The bonds of community and mutual care are given very high value within Judaism. The importance of a Jew extending themselves on behalf of another includes offering the same practical, emotional and spiritual concern for those beyond the Jewish community. One of the key ways that this can be expressed is through bikur cholim, visiting the sick. It is regarded as a mitzvah – literally a commandment, but it also means that it is a practical task, and, above all an honour and a joy to carry out.
In January 2014, I was invited by the Interfaith Chaplaincy Team at the John Radcliffe Hospital in Oxford (UK) to lead a seminar on bikur cholim. As part of that initiative, I wrote a booklet summarising the main teachings within Judaism about visiting and supporting those who are ill.
The booklet draws from Torah, Tanach, Talmud, Rashi, Maimonides, Nachmanides, and the Shulchan Aruch, as well as a few modern writers. The reader can capture the essence of the teachings by reading just the main text, and browsing the extensive footnotes (with full quotations from source texts) at a later date.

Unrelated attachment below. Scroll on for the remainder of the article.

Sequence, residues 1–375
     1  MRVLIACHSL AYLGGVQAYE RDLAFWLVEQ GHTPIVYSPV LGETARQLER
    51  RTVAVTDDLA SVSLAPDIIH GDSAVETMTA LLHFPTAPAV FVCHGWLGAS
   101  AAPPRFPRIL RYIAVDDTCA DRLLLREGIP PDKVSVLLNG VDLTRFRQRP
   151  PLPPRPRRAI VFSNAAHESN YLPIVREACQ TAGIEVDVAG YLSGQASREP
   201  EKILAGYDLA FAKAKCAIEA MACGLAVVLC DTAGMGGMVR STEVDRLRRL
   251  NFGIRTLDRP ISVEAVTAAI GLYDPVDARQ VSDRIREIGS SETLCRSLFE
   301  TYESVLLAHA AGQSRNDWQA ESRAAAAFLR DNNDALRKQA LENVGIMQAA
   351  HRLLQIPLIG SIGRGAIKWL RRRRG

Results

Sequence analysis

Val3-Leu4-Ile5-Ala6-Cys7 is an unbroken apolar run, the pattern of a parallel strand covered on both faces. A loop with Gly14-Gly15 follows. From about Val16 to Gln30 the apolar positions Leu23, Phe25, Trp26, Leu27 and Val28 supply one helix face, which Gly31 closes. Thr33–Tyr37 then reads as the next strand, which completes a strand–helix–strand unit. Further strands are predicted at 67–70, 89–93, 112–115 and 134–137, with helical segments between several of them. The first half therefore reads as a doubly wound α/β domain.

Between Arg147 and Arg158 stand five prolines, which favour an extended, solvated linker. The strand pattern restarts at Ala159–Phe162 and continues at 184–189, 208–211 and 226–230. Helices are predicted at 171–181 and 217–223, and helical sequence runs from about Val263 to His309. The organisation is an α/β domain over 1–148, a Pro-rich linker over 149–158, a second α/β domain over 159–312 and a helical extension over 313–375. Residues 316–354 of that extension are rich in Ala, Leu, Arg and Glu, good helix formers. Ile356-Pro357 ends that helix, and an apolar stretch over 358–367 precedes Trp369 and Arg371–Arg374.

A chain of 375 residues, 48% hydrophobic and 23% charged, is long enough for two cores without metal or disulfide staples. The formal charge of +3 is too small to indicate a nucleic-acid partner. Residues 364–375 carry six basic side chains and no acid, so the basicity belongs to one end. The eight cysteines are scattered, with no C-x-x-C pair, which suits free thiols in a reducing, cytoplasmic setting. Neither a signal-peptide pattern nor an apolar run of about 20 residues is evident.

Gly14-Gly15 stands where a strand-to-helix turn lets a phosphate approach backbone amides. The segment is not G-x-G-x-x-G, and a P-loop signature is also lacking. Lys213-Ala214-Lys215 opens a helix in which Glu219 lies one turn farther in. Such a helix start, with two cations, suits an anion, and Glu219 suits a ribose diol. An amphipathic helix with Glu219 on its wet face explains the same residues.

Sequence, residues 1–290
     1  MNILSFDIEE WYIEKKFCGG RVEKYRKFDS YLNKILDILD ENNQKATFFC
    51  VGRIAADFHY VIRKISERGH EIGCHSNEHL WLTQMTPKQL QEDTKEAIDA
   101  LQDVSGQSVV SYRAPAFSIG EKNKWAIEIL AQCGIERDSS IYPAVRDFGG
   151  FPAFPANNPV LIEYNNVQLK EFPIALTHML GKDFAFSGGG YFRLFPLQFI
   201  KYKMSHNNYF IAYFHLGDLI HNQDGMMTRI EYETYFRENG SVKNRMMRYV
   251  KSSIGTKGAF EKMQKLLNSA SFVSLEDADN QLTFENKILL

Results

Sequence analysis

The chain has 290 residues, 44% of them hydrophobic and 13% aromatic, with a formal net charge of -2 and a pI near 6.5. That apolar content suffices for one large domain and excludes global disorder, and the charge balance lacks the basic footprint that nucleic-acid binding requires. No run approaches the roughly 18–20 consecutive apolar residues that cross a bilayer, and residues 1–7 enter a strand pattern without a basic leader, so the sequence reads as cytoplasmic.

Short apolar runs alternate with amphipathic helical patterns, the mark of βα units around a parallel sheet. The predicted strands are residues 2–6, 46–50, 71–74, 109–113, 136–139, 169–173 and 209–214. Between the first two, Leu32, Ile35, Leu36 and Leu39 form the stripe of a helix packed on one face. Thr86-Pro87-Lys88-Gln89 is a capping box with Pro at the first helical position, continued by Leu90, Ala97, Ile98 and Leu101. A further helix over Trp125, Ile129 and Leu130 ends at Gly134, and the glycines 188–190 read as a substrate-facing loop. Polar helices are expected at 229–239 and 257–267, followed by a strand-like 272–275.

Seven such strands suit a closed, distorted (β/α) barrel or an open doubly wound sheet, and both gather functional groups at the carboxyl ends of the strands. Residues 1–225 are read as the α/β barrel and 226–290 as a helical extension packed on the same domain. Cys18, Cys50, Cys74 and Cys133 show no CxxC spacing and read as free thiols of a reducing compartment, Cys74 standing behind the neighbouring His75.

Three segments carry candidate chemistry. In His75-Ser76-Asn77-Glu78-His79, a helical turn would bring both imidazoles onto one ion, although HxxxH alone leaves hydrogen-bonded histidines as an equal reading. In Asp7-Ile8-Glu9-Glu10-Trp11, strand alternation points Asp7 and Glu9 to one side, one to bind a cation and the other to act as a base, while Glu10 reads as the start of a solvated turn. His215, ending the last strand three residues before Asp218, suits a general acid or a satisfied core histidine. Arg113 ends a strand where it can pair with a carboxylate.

The booklet, called “And God appeared to Abraham …”: Jewish principles, practices (including bikur cholim – ‘visiting the sick’) and prayers for supporting those who are ill, is a downloadable PDF. Here is the list of contents:
p.1 Bikur Cholim: the Jewish practice of visiting the sick
p.2 How to use this chapter on bikur cholim
p.2 The concept of bikur cholim
p.4 In the image of God
p.5 The impact of caring and visiting
p.8 Permission to heal, and to be paid for healing services
p.8 Sensitivity to the patient
p.11 When bad things happen to good people
p.12 Spirituality and prayer
p.15 Life & death, and mourning
p.16 Reading list
p.20 Jewish thoughts on prayer
p.21 General prayers
p.24 Prayers when we are ill
p. 26 Prayers for someone needing healing and protection
p.28 Praying for people around the ill person
p.28 Prayers for visitors
p.29 Prayers on recovery